7. Automate Irrigation and Subsurface Air Systems Turf Professionals that have irrigation systems with digital control interfaces, or sub-surface air systems, can now integrate, via software integration, this data via an open API, thus providing more accurate and timely usage and potential labour-saving benefits. Real-time data removes the stress of having to continually fine-tune irrigation for any changes in the weather throughout the day.

8. Auditable Recording of Data and Resource Usage Having an evidence-based approach to management provides a clear trail that can be used to justify the applications of costly resources. This demonstrates a sustainable approach and mitigates accusations relating to sustainable resource utilisation – a potential hot potato particularly, in draught-stricken areas.

9. Salinity Monitoring Electrical Conductivity Salinity levels have been a rising issue in the last few years, this is not just from recycled irrigation water, but also from salts rising through the soils. High salinity levels have a significant effect on the plants’ ability to take up water. Salt will abstract moisture from the plant first, resulting in a stressed plant. By monitoring the salinity levels, you can get ahead with chosen practices to alleviate this potential issue, eg. with the inclusion of salt-resistant grass varieties.

10. Detect Infield Soil Quality Variations By monitoring the underground soil data at multiple locations across your turf, such as in the areas that you know are different by experience, you can detect the variations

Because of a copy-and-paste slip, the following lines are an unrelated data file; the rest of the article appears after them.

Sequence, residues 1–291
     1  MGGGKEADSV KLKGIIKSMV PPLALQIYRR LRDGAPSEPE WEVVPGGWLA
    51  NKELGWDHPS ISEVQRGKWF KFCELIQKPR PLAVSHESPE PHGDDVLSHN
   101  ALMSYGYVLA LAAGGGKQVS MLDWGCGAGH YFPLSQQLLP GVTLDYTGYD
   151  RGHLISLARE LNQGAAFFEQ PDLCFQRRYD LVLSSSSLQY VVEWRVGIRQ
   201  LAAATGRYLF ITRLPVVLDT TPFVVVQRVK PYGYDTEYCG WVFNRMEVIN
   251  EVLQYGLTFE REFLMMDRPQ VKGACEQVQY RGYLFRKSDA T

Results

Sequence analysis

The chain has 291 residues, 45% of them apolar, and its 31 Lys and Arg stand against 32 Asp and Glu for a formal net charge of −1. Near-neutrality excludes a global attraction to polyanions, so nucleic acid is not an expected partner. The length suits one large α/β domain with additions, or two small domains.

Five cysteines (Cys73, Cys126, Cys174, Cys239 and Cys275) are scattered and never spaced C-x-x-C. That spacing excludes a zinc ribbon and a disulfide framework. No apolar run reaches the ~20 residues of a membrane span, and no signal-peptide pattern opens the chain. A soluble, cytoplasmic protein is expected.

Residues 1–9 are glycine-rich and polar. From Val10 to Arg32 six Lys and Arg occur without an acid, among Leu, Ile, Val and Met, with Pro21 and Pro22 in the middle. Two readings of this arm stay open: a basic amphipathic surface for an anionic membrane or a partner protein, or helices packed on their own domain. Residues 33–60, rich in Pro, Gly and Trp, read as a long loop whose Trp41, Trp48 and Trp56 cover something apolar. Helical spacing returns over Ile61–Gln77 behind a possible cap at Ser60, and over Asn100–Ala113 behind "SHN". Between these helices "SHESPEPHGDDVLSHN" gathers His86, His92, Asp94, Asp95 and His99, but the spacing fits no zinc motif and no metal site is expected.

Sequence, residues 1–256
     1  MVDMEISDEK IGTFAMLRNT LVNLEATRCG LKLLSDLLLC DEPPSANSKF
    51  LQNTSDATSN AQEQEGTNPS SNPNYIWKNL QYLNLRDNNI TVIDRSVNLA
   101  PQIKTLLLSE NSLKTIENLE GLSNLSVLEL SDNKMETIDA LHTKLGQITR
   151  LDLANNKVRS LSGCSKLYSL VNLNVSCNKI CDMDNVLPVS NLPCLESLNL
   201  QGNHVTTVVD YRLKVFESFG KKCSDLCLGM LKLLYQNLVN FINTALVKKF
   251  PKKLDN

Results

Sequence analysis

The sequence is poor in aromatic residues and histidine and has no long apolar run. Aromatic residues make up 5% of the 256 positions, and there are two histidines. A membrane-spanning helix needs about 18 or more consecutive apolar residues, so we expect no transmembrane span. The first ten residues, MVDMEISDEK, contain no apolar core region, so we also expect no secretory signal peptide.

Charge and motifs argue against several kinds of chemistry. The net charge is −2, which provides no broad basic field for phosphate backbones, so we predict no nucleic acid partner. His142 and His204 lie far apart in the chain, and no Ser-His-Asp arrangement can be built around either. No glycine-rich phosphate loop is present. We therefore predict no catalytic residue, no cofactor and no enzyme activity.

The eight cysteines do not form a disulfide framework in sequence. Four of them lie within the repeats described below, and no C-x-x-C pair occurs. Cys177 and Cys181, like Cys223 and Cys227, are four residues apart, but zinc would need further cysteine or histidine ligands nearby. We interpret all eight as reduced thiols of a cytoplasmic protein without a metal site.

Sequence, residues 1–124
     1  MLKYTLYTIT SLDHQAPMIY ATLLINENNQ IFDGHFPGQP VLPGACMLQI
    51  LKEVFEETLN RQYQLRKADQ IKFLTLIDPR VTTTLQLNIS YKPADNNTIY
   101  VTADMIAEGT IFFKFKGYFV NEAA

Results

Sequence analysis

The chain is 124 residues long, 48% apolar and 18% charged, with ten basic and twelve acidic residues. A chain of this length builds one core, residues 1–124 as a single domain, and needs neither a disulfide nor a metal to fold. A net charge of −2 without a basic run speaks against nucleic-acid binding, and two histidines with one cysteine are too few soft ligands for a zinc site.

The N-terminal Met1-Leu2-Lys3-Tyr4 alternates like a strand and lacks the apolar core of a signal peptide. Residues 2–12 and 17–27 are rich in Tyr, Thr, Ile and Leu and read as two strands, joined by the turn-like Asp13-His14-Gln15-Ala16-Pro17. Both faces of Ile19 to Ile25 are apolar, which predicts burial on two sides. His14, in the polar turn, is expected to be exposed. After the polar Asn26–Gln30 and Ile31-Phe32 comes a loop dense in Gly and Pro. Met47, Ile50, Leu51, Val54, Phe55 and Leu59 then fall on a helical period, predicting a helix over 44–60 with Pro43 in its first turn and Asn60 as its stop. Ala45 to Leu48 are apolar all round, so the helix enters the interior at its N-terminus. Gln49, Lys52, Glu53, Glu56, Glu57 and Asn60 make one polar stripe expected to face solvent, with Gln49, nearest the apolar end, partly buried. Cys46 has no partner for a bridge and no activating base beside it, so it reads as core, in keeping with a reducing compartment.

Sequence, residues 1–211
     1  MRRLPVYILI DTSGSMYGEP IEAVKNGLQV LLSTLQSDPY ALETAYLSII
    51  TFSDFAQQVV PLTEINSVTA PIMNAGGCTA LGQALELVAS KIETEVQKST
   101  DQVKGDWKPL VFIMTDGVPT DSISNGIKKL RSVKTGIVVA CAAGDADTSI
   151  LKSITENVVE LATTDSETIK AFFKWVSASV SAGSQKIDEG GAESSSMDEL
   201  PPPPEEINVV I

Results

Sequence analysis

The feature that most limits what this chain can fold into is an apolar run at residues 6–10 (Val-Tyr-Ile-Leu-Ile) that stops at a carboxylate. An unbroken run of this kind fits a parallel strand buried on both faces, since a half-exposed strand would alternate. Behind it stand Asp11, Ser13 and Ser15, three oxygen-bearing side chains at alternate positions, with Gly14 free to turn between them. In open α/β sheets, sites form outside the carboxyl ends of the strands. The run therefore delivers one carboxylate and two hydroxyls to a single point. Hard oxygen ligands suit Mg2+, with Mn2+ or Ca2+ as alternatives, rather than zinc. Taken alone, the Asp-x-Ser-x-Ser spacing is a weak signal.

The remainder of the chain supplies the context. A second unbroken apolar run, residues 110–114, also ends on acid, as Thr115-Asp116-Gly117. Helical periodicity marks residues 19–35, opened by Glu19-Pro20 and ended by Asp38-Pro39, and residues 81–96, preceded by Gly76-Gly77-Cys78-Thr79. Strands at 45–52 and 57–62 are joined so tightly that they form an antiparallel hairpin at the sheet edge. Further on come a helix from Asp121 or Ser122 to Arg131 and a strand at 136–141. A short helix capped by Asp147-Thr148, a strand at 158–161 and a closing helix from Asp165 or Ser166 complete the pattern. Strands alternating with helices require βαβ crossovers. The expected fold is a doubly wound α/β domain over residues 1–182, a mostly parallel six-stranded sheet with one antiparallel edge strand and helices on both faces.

in soil quality, and apply an individual maintenance plan for each of them. This enables you to eliminate quality variations, avoid unnecessary maintenance activities, and refocus your maintenance efforts and use your budget on more pressing issues, and to exercise proactive turf development.

How Can you Monitor Underground Soil Data? The Soil Scout underground sensor measures soil moisture, salinity, and temperature levels in real-time. The sensors are easy and quick to install, and you can monitor the soil conditions with any number of sensors buried in the field. You can start with a small number of sensors, and simply dig in more whenever the need arises. Soil Scout sensors are entirely maintenance-free. The sensors are fully buried and the battery lasts for more than ten years of continuous operation. The patented radio technology adjusts itself to the soil’s electromagnetic conditions, reaching the antennas hundreds of metres away. No SIM card is required for the sensors. A simple above-the-ground antenna picks up the sensors’ signals and transmits the data to the Cloud via a cellular modem. Soil Scout is not just a simple soil moisture sensor without a cable. The complete system allows you to gain a deeper view with rich, accurate data to collaborate with your agronomist, to find out even better practices for pesticides and nutritional regimes, following the recorded moisture, salinity, and temperature levels from a season to another. It is a multi-faceted agronomic tool – you can decide how to use the data! Soil Scout sensors can be freely placed where the greenkeeper sees the biggest need to monitor. It is recommended to place the sensors at two different depths in the same area to see the vertical variation in soil quality. At least three area types are recommended to be monitored – these can include for example the areas with the best, worst turf, and average turf. This allows the greenkeeper to determine the underlying reasons for quality variations. For example, in stadiums, some parts of the turf are more exposed to sun and wind.